S3: I do think they are. I think because you’re seeing Republicans at the state legislative level raise a lot of the same false claims about irregularities that Trump is saying it’s not getting as much attention because these people are not Donald Trump. But in Wisconsin and Pennsylvania and Michigan, Republicans are all calling on the election to be investigated, which is funny because they remain in control of all of these states at the state legislative level. So, again, if there were such irregularities there, how are they still in power? But nonetheless, you can imagine a situation that next year when Republicans come back in control of the Wisconsin legislature or the Pennsylvania legislature or the Michigan legislature, they could start passing policies to make it more difficult to vote based on these totally baseless accusations of election irregularities. And they could say we need to make it harder to vote by mail because Democrats use that more than Republicans did, or we need to cut back on early voting because that led to record turnout. We need to institute new barriers to registering voters, things like that. I mean, I’m not saying they will do that, but I could very well see that Trump’s rhetoric is giving them an opening to say we need to tighten the election process to try to root out these irregularities, even if these irregularities don’t actually exist. So while Washington is a little bit paralyzed potentially by divided government, these state legislatures won’t be some of them won’t be obviously in Wisconsin and Pennsylvania and some of the other states, there’s going to be divided government. But in Texas and Florida and Ohio and Georgia and New Hampshire and other places, there’s going to be one party control. And I fully expect them to try to maximize their power and to try to maximize their power in ways that increases their ability to try to win elections in the future.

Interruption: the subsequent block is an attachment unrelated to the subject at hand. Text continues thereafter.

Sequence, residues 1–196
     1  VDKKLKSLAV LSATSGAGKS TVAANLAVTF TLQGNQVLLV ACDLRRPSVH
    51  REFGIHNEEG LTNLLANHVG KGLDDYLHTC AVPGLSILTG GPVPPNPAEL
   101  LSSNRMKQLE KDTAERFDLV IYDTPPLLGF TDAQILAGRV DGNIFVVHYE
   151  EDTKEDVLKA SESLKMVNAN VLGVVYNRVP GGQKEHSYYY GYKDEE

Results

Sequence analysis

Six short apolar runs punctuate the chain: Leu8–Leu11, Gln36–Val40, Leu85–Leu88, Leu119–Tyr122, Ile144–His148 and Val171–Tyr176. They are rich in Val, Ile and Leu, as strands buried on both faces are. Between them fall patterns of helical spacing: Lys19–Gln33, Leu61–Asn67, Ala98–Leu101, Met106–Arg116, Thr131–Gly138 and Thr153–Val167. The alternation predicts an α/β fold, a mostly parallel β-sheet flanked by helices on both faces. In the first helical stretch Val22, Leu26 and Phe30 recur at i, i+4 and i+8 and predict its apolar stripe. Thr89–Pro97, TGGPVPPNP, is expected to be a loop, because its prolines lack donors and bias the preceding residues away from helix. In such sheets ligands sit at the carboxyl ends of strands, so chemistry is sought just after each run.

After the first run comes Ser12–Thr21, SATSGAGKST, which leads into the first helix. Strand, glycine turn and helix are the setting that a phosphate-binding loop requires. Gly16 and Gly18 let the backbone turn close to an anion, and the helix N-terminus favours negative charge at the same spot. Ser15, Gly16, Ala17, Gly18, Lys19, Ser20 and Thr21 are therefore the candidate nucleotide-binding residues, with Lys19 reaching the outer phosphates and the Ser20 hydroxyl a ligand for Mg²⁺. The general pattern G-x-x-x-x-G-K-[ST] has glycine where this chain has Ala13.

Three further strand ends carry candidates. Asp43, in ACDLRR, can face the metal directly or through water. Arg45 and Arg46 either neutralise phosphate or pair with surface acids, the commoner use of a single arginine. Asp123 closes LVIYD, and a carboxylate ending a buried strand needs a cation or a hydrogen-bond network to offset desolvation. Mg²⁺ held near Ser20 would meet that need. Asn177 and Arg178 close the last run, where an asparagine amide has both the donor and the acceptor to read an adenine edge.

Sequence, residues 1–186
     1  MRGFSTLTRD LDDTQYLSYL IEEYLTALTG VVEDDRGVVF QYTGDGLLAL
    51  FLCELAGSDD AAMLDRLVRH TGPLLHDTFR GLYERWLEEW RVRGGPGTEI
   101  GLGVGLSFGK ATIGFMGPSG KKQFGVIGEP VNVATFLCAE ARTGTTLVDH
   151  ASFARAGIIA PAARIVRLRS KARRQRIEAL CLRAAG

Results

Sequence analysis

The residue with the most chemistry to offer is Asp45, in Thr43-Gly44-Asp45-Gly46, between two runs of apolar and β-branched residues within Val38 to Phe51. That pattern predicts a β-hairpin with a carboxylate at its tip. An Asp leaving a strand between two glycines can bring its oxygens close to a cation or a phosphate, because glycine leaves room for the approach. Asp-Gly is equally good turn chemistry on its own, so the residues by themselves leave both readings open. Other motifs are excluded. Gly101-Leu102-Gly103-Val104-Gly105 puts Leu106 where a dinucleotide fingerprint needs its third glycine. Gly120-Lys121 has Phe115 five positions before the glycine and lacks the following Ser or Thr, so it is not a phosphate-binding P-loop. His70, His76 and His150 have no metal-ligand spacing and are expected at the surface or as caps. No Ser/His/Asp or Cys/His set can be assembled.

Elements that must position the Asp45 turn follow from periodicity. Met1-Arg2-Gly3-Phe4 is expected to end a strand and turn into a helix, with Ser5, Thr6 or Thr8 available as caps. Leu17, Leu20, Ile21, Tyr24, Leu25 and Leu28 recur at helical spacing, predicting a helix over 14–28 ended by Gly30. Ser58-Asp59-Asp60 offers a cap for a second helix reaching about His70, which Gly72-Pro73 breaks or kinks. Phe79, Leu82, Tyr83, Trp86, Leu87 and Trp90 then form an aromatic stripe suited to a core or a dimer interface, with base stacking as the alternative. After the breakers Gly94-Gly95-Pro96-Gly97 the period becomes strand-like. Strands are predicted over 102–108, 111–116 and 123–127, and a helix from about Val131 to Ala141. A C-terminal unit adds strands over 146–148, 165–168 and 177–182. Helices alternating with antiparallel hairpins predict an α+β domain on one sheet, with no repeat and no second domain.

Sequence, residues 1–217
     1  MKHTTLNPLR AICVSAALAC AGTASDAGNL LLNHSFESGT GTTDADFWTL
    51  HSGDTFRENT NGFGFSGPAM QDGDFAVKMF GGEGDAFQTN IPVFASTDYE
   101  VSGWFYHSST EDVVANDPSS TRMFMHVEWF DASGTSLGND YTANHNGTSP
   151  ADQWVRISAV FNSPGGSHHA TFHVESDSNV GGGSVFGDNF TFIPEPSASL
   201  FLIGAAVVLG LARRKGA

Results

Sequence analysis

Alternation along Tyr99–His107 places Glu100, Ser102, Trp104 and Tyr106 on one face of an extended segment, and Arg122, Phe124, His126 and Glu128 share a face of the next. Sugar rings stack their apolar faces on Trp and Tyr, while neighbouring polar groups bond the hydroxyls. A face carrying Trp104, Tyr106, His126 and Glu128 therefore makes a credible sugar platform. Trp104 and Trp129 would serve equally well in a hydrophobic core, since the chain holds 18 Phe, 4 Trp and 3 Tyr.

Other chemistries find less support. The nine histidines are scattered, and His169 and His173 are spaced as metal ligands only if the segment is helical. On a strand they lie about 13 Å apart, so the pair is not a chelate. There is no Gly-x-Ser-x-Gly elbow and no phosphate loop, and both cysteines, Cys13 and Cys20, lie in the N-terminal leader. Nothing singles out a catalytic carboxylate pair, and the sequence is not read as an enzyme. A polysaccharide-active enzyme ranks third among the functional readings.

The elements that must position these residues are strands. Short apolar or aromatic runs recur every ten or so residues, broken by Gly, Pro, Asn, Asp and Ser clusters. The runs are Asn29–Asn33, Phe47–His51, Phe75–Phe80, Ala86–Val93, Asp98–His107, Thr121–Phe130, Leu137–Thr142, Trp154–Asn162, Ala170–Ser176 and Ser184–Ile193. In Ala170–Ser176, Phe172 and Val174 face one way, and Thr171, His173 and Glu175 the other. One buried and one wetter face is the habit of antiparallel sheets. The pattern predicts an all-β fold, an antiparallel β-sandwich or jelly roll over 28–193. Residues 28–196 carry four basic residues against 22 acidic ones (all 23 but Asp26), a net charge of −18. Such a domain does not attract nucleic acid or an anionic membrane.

S5: I feel like I keep telling the same story here over the last week, which is the Democrats seem to lack the organizational know.
S1: How will infrastructure to compete with Republicans in these states that they see as battlegrounds? Is my perception right here or I’m I just being cynical?
S3: Well, I don’t know if that’s totally true when it comes to state legislative races, because, again, the Democrats raised more money than Republicans did with state legislative races. They had really high profile figures like Eric Holder working on these races. So I don’t think it was for lack of effort or for lack of organization. I just think these were really, really difficult places to win seats. And I think Democrats have a red America problem. It’s very, very clear that they’re not competing as strongly as they should be in states that are red or haven’t flipped yet from red to purple. And a lot of the seats that you need to pick up were in the redder parts of purple states. So it wasn’t about whether you can win Madison or Milwaukee or whether you can win Houston or Philadelphia. It was can you win the more suburban areas, the more conservative suburban areas? Can you win the more suburban areas? Can you win the more rural areas? And that’s where the Democratic Party really underperformed. They really underperformed in those more rural those more red areas. Donald Trump ran up huge margins there. And that was enough for Republicans to be able to hold control of all of these state legislative chambers.
S1: I guess I see it a little bit differently, which is I agree there was a huge investment in state legislatures, but I wonder if it was the right kind of investment. Like, I don’t know if in Wisconsin, Eric Holder is like the right surrogate, you know, to talk about whatever’s happening in the state legislature races. Like, I just wonder if there’s been enough groundwork to do the work Democrats need to do.